If the Braves allow Rafael Soriano and Mike Gonzalez to leave via free agency, they will be in search of a new closer for the 2010 season. And there are several candidates to consider.
The Braves could turn to an internal candidate, with setup man Peter Moylan the leading candidate. Moylan had 25 holds last season, but he blew all five of his save opportunities. Atlanta will likely keep Moylan in his more normal position, but if they are unable to find the right fit, the sidearmer from Australia could get the first shot.
Chances are, however, the Braves do look elsewhere for the new closer. The name at the top of the list is veteran left-hander Billy Wagner. He's 38 years old, and he's coming off Tommy John surgery. But there are several reasons to believe Wagner could be a prominent candidate.
First, Wagner has wanted to be a Brave for years. When he left Philadelphia after 2005, Atlanta was Wagner's first choice. But the Braves were unable to compete with the long-term deal the Mets offered, so Wagner signed with New York.
And Wagner has confided to friends that Atlanta will be high on his list after he files for free agency this time around. The negative is he's a Type A free agent, meaning if the Boston Red Sox offer him arbitration, the Braves would have to give up their first round pick in next June's draft.
That is the main negative in pursuing Wagner, who was pretty successful when he returned in August after missing a year with elbow surgery. Wagner hit the mid-90s against the Braves when he was with the Mets, and then after he was traded to Boston Wagner had 22 strikeouts in 13.2 innings.
Wagner has 385 career saves, and he was dominant with the Mets. So if Tommy John has given him more life in his elbow, chances are he can have a few more productive seasons.
The Braves could offer Wagner a two-year contract worth around $15 million dollars. Don't expect them to go much higher than that.
But again, is signing Wagner worth giving up a first round pick to Boston?
There are three more free agents to consider as candidates. Fernando Rodney had 37 saves for Detroit. He made only $2.7 million in 2009, so he could possibly be had for around $6 million per season.
Two pitchers who have been closers, but are coming off arm injuries are also available. J.J. Putz missed most of the 2009 season with the Mets, while Danys Baez is coming off Tommy John Surgery.
Chicago might non-tender right-hander Kevin Gregg, who had 23 saves for the Cubs before losing his job. He could be a cheaper option out on the free agent market later this winter.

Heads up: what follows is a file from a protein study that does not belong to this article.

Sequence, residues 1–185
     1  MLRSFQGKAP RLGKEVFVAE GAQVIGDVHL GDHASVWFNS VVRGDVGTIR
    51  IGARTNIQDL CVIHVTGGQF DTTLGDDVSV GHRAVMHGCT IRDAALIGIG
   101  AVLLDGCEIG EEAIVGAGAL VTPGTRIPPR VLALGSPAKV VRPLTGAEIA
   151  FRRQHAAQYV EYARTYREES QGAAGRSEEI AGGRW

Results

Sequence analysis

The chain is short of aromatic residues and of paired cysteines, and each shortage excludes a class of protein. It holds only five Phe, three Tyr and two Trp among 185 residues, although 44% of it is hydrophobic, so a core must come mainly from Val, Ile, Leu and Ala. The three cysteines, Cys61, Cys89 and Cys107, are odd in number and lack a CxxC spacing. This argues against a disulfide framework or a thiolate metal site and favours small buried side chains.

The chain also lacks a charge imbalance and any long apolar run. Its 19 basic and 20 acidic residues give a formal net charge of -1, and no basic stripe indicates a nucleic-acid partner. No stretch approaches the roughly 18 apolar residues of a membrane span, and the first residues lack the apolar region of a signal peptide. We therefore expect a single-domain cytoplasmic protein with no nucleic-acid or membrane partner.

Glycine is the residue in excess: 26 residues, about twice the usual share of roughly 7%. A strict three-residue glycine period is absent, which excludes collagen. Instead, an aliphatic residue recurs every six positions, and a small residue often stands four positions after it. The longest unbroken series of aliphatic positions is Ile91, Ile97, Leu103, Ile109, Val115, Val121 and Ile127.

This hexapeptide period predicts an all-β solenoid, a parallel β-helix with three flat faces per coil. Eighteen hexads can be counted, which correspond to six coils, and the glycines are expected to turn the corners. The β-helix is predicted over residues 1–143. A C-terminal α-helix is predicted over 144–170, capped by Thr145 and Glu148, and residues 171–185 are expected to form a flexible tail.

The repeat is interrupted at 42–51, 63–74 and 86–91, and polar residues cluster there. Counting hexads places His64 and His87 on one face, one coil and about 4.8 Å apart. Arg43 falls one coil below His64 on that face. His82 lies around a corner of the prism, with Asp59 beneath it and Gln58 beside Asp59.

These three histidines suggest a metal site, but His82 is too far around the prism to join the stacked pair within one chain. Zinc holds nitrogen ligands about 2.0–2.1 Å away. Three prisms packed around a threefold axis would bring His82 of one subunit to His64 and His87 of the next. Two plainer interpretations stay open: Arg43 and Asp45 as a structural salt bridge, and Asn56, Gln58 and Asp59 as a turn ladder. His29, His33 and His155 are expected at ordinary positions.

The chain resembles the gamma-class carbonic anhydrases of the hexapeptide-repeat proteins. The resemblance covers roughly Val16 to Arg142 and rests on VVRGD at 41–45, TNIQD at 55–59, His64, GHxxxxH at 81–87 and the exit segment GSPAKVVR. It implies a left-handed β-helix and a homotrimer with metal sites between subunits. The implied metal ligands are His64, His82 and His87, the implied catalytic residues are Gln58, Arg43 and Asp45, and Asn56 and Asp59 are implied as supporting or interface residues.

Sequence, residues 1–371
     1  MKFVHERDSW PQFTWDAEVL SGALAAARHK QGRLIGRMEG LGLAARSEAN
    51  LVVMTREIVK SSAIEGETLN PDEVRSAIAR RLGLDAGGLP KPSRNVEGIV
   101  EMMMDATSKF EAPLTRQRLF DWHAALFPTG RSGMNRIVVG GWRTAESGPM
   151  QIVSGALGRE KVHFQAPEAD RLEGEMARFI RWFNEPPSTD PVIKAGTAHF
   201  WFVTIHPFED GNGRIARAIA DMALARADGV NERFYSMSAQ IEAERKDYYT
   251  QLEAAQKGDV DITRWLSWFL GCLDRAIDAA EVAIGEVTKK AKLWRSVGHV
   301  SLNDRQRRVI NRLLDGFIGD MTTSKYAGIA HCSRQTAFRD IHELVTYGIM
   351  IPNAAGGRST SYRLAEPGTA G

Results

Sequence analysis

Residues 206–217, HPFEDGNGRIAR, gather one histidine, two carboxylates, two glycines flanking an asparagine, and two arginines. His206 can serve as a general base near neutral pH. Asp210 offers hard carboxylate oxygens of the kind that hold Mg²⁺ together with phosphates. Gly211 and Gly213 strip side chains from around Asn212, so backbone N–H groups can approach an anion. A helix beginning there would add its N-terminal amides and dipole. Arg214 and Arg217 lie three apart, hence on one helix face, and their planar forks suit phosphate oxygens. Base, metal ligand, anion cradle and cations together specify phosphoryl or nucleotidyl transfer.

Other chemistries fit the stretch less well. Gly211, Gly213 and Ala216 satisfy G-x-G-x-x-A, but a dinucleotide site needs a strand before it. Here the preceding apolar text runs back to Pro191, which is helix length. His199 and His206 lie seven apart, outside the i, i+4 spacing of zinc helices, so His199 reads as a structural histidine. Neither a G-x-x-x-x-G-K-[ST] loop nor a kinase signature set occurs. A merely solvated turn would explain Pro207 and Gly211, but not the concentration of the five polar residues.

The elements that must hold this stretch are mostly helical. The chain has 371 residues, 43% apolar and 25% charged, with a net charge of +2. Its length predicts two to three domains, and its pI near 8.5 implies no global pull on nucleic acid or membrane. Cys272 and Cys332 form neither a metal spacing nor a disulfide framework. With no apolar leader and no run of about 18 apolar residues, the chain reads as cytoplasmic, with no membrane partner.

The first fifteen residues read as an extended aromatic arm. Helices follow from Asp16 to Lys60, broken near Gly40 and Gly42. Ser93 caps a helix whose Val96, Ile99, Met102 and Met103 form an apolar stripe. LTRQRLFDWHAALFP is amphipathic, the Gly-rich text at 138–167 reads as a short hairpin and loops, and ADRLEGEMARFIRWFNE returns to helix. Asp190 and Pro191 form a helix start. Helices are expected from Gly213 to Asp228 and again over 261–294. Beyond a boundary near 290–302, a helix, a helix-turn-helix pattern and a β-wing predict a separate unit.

There are several candidates who could be available through a trade. Would the Red Sox consider trading Jonathan Papelbon? It's been rumored they've considered it, and Papelbon has been a dominant reliever for the last four seasons.
Papelbon was quoted on the Dan Patrick radio show a few seasons ago as saying he grew up a Braves fan in Jacksonville, Florida, where he still resides today. He's got two years until he's eligible for free agency, and after making $6.25 million last season, Papelbon will be expensive in arbitration this winter. But there is no doubt he is a dominant relief pitcher.
It has already been rumored that Atlanta might have interest in Matt Capps, the Pirates' reliever who was born in Douglasville, an Atlanta suburb. Capps graduated from Alexander High School in Georgia in 2002, and he played with Brian McCann and Jeff Francoeur on Team Georgia that same year.
Capps did not have a very good season for Pittsburgh, and he's getting ready to make even more money in arbitration. If the Braves were to sign Wagner, they may be interested in trading for Capps to help Moylan set up the veteran lefty. But it's doubtful the Braves would count on Capps to be their main closer.
Capps saved 27 games last season, but his ERA was 5.80. The right-hander also allowed 73 hits in 54.1 innings, and he struck out only 46. He could be acquired for a decent price from the Pirates, but he may be more of a complimentary reliever instead of the main one.
Rumors have swirled that the White Sox may listen to offers for closer Bobby Jenks, or that they may even non-tender Jenks this winter. Jenks saved 29 games last season for Chicago, and he's got 146 saves over the past four-plus seasons.
But Jenks has possibly run out his time with Ozzie Guillen's team, and that may allow them to at least listen to offers for him this winter.
The Padres could be in a selling mode again this winter, and that could make Heath Bell available. Bell took over for Trevor Hoffman as San Diego's closer and led the National League with 42 saves. The Padres would probably want a significant return for Bell.
So if Soriano and Gonzalez leave via free agency, the Braves will have several candidates to take over as the closer. And with possibly the best starting rotation in the game next season, it's imperative the Braves re-build the bullpen with strong arms and pitchers with excellent track records.
Bill Shanks hosts The Bill Shanks Show on
WFSM Fox Sports 1670 in Macon, Georgia and The Braves Show Talk Show. Shanks writes a weekly baseball column for The Macon Telegraph and is the author of Scout's Honor: The Bravest Way To Build A Winning Team. You can email Bill at firstname.lastname@example.org and follow him on Twitter at twitter.com/billshanks.
12. Who will be the closer next season?
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